Rob Zombie, just like Quentin Tarantino, is passionate about this genre of film and tries to make the ultimate drive-in homage. Just look at the roster of horror film veterans that Zombie assembled: Ken Foree, P.J. Soles, Mary Waronov, Michael Berryman, and Steve Railsback. If you know who any of these people are, then you are definitely part of the target audience for this film. Not to mention Sid Haig and Bill Moseley returning from House of 1000 Corpses.

Ahh, yes... Sid Haig and Bill Moseley. This movie absolutely belongs to them!! Haig and Moseley own the screen! These two actors alone make the film a must-see. They are awesome! If you liked Sid Haig's Captain Spaulding character from the first film, you will be delighted to know that he plays a much bigger part in this one. Sid Haig is a devilish delight as the mad clown, Captain Spaulding. Bill Moseley simply rules as Otis! He is a bad M.F. These two awesome performances carry the movie. Also worth mentioning is William Forsythe who is excellent as Sheriff Wydell, the obsessed lawman who is trying to track down Captain Spaulding and his cohorts. Next to Sid Haig and Bill Moseley, Forsythe gives one of the best performances in the movie. However, I really miss Karen Black as Mother Firefly. Not to say that Leslie Easterbrook isn't good in the role, but I think she goes a bit over the top. Karen Black would have brought a graceful sensuality to the character, and probably a bit of restraint.

So, is The Devil's Rejects a good movie? Well, that's not an easy question. The short answer is probably "no, it's not". By the conventional definition, it would probably not be labeled a cinematic triumph. However, Rob Zombie does a fine job directing and his dialog is deliciously profane. For those who like this sort of thing, the movie is a blast. Finally, allow me to state a blunt warning: If you are looking for a good, scary horror movie, The Devil's Rejects is probably not what you're looking for. If you like horror movies like The Ring and The Grudge, The Devil's Rejects is DEFINITELY not what you're looking for. Simply put, if you like modern horror movies a lot, you will probably not like The Devil's Rejects. On the other hand if you recognize Ken Foree from his roles in George Romero's Dawn of the Dead and Stuart Gordon's From Beyond, and you know Michael Berryman as the "freaky-looking guy" from The Hills Have Eyes, then yes, The Devil's Rejects is certainly for you. If you treasure your copy of VideoHound's "Cult Flicks and Trash Pics", then yes, this is for you. If you're not too squeamish, you'll probably have a bloody good time.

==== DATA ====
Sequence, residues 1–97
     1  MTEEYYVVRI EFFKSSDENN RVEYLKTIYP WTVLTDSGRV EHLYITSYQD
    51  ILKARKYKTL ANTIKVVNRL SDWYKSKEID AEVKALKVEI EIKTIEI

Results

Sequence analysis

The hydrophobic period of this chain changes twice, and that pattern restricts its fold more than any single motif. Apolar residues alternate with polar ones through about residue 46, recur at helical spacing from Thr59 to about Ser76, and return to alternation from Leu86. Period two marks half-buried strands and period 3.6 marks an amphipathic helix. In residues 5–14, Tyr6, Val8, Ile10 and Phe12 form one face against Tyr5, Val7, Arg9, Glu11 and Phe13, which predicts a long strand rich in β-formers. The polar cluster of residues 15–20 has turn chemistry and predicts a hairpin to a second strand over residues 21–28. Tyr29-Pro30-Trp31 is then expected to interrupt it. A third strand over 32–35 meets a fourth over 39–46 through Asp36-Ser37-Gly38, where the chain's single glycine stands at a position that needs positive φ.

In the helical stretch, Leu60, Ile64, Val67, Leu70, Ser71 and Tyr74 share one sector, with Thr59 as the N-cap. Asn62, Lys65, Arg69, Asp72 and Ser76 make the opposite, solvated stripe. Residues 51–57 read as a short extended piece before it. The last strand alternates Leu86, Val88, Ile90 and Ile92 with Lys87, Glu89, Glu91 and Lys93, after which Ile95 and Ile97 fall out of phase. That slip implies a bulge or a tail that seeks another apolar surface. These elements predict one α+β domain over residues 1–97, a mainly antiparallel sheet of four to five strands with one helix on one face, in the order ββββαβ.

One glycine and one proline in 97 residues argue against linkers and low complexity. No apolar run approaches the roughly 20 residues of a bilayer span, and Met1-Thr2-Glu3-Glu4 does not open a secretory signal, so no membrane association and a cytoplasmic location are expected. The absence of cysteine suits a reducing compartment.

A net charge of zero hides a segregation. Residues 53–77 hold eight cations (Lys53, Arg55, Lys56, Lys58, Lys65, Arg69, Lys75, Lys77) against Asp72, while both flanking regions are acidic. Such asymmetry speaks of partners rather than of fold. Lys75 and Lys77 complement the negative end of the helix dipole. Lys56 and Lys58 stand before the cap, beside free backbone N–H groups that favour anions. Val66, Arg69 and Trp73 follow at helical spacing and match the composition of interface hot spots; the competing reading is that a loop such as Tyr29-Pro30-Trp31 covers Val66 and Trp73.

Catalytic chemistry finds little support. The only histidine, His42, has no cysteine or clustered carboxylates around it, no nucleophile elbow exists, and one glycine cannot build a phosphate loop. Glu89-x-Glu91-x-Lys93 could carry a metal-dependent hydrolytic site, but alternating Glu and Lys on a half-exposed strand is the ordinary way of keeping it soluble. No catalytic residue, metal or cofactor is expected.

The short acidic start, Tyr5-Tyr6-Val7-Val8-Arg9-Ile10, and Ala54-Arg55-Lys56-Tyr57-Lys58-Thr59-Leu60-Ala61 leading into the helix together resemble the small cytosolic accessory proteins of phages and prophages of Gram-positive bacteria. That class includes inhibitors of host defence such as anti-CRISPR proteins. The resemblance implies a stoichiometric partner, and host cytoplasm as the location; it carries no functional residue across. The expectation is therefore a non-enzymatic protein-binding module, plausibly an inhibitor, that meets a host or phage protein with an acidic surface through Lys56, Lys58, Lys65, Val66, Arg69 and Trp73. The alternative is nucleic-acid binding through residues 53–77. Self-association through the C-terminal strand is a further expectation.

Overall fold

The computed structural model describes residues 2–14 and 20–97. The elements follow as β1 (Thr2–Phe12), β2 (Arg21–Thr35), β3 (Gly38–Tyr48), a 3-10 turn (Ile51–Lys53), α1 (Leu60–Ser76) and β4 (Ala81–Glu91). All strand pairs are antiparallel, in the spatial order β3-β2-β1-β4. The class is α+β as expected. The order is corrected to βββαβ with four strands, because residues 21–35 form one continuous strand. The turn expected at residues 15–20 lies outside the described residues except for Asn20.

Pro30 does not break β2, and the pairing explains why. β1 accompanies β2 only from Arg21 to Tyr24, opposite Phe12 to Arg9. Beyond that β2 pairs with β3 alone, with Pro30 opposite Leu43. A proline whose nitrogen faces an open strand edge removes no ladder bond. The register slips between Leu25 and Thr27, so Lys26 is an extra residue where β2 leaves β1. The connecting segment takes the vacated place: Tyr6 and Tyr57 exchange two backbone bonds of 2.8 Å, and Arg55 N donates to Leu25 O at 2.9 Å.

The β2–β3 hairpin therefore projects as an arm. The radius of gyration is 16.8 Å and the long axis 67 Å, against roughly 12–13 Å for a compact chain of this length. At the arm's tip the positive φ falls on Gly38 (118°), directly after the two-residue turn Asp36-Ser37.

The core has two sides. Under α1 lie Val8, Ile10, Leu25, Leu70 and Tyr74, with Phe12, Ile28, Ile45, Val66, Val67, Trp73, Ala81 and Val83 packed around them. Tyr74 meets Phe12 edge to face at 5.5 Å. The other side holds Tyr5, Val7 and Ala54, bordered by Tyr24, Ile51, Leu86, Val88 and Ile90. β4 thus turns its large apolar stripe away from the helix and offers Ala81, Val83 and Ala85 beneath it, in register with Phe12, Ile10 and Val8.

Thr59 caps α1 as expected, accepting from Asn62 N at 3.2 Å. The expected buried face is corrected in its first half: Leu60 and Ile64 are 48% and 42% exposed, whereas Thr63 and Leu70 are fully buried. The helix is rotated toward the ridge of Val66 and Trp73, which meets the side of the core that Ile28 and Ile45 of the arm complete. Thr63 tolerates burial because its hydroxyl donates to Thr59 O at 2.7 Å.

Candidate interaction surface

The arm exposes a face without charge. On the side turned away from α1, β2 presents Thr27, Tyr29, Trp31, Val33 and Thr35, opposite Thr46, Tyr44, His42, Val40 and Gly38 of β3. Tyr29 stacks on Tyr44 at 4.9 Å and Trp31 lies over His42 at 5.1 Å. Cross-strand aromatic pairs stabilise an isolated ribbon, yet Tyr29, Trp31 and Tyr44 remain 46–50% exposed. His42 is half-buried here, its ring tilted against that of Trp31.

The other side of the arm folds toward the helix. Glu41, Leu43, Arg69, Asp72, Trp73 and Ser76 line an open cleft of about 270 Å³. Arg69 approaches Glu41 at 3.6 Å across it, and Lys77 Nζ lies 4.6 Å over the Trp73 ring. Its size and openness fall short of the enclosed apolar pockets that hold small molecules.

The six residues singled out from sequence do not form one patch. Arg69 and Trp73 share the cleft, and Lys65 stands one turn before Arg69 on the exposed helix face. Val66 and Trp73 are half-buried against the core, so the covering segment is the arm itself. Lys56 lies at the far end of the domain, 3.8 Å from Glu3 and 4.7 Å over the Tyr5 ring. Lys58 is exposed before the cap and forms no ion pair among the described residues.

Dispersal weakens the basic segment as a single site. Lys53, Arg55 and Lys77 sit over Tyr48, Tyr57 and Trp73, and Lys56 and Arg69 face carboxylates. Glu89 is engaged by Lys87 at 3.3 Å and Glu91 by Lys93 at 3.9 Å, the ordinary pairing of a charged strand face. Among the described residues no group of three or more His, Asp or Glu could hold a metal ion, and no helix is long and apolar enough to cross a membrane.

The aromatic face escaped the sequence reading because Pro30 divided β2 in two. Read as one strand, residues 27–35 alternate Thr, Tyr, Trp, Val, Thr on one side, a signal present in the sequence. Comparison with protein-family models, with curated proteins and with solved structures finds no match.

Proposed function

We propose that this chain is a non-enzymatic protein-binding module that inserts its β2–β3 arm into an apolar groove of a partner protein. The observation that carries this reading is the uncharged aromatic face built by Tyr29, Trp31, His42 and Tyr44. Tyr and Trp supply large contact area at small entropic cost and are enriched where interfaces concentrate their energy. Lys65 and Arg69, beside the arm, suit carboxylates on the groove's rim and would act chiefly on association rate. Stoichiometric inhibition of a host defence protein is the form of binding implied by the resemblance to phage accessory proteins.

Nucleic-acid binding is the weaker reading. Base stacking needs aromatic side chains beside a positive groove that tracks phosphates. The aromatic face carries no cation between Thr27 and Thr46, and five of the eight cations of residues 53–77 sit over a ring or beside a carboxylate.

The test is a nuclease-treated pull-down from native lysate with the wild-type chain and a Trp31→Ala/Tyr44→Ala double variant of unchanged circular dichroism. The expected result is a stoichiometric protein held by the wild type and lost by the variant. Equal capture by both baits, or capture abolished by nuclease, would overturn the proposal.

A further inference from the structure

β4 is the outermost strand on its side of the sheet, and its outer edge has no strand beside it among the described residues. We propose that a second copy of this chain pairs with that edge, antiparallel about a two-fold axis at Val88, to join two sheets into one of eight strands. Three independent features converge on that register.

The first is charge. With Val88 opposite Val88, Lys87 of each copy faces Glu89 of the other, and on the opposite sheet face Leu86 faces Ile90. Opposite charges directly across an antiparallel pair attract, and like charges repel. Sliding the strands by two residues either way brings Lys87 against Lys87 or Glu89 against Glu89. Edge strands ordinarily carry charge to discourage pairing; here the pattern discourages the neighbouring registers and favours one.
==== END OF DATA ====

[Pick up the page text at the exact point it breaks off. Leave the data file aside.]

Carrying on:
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57 of 73 people found the following review helpful
3.0 out of 5 stars Devil's Rejects on Blu-Ray? Seems standard to me, January 11, 2007
This review is from: The Devil's Rejects (Unrated) [Blu-ray] (Blu-ray)
Devil's Rejects is amongst my favorite films, for it's great mix of humor, action/violence/gore, and character development. Most people looking at this review already know all about this movie.

The Picture on this movie doesn't seem to be all that much of an improvement. I've seen VAST differences on Blu-Rays vs DVD (Unforgiven especially!!!), and this movie just doesn't seem to have all that much extra when watching it in Hi-Def.

There are no new special features in this release, so if you already own this title on DVD, I would advise against upgrading like I did.
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23 of 30 people found the following review helpful
4.0 out of 5 stars Rob Zombie gives the devil his due, July 24, 2005